The month is not quite half over and already I am starting to see completed March of Trash scorecards. I should hasten to add that no one is checking your scorecard to make sure you really completed it, but on the other hand, I’m always happy to see what people have accomplished. A March of Trash scorecard can be a head-scratcher to read at times, though. People are getting rid of things I never heard of.
For example, what is a “cat cave”? Wikipedia (describing the Columbus Zoo) offers the image at right. At Etsy it seems that cat caves are often made from felt. Whatever the details, a cat cave is apparently a bulky item that, if sitting idle, calls out to be given away to a household where a cat lives.
For every item there is a story, but the story doesn’t fit on the two-inch line that the March of Trash scorecard provides. The front-end loader that one participant sold (or gave away) might have helped build a barn or clean up flood debris. Whatever the story, if its work is all done, there is nothing gained by letting a valuable piece of equipment sit around and turn to rust. Almost any large-scale project will leave you with equipment you don’t need anymore. It might not be the most glamorous part of the work, but eventually you have to look at the stuff left behind and ask, “Where does it all belong now?”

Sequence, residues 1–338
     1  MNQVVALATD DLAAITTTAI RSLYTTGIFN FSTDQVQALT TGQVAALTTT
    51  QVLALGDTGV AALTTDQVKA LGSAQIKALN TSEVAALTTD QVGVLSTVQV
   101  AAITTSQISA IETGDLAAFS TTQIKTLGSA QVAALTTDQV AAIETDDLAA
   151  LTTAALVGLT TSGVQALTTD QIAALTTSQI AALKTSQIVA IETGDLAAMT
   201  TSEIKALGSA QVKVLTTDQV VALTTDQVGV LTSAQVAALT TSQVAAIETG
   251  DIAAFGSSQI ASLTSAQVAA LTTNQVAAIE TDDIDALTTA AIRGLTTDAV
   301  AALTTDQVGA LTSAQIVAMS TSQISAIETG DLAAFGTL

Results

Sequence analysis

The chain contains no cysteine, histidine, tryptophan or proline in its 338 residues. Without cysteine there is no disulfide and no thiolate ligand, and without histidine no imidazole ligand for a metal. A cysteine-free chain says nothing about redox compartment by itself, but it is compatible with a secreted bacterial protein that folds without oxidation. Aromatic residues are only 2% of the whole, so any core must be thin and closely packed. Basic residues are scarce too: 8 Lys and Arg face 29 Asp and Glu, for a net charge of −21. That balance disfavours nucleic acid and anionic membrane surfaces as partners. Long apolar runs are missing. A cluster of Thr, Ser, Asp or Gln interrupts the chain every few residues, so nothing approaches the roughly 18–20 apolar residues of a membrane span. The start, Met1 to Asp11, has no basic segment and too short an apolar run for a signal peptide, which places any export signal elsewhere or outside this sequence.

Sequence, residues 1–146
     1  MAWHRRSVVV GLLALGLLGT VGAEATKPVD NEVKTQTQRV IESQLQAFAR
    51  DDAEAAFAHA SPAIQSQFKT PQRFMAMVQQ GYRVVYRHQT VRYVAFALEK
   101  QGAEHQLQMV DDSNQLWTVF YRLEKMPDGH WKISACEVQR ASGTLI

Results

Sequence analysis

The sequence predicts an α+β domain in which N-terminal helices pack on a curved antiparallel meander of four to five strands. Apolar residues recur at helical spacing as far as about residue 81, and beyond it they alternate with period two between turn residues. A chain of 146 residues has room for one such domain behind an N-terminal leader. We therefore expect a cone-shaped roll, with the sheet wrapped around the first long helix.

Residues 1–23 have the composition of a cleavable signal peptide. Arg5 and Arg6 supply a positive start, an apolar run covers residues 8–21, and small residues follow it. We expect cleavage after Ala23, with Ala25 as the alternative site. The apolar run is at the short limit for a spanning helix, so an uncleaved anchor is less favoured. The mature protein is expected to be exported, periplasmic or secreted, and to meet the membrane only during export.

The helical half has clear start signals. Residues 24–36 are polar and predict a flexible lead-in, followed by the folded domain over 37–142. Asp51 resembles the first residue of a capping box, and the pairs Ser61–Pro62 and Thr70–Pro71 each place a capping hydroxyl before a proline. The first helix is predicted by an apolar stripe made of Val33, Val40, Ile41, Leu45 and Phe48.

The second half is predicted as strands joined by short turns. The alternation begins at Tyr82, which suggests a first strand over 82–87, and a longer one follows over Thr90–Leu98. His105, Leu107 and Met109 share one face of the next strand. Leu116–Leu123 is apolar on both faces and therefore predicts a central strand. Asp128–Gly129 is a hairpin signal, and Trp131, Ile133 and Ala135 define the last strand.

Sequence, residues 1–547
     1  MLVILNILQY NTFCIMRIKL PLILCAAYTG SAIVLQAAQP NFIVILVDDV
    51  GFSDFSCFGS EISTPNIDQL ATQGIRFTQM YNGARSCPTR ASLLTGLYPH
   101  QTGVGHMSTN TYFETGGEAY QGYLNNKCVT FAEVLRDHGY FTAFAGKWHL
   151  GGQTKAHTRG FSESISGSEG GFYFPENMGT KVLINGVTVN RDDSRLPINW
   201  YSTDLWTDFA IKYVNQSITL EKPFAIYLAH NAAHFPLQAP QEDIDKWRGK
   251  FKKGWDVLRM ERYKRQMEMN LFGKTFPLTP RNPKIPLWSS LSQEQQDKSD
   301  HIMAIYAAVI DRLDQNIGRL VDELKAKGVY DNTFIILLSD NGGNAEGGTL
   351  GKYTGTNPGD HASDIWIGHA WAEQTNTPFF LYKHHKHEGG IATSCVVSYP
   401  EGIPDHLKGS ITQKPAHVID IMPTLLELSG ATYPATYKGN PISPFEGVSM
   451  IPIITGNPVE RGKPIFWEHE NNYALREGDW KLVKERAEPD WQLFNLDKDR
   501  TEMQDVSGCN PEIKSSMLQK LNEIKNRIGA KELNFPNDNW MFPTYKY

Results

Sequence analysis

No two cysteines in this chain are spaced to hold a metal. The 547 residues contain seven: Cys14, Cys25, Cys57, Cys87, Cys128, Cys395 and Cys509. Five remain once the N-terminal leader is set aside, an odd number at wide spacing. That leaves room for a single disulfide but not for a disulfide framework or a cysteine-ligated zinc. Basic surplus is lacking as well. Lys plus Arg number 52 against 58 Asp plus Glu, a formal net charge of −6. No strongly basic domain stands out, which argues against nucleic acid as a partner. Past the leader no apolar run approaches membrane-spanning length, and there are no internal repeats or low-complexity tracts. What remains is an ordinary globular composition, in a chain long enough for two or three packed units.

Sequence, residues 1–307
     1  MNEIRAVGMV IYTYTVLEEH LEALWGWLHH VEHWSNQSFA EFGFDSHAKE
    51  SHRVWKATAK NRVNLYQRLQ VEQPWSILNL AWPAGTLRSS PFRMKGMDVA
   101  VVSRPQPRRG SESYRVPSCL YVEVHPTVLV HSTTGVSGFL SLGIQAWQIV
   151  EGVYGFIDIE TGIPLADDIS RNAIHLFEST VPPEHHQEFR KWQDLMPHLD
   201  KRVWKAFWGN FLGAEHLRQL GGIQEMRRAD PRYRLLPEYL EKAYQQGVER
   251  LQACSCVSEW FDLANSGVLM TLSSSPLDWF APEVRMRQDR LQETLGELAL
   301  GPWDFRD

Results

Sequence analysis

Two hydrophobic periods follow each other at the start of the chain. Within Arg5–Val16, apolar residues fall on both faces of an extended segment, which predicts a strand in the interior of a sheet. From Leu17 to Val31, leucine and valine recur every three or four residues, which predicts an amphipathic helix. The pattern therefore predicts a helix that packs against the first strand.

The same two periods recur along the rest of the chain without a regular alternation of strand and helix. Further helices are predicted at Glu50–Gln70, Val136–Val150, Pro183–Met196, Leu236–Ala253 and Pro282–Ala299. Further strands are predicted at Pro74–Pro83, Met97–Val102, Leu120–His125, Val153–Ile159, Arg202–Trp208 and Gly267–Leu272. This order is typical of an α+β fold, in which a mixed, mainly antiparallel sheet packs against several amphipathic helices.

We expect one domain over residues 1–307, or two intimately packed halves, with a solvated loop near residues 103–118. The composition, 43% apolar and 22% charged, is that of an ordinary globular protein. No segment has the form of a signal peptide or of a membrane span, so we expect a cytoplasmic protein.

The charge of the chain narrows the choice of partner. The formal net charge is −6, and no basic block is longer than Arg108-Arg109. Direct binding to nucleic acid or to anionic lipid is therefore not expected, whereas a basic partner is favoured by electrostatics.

There is a reason the scorecard has three columns. Almost everyone seems seems to find that one column is harder to fill up than the others. Perhaps depression-era thinking about the value of things makes it hard to throw things away. Perhaps it’s hard to put things away because you don’t know where they should go. In my case, it’s a challenge to find stuff that’s good enough in a commercial sense to sell, so I have yet to enter a single item in the “give away/sell” column of the scorecard. I’m not worried, though, because I can make short work of that whole column when I take a carload of donations to my local Goodwill (in Pennsylvania) during its designated “Epic Spring Donation” day on March 20.
My own scorecard would be just as puzzling as any other, if it were to be read by anyone but myself. I suppose this is almost an inevitable artifact of the clutter-busting process. You could say the objective of clutter-busting is that you will be left only with the possessions that make sense for you. Your more random possessions, the ones that don’t make sense, are the ones you take away. At the end of the month, you have a March of Trash scorecard that doesn’t make much sense. If someone reads your scorecard and says it looks like your stuff is all over the map and doesn’t seem to add up to anything, then that’s a sign that you’re getting rid of the right things.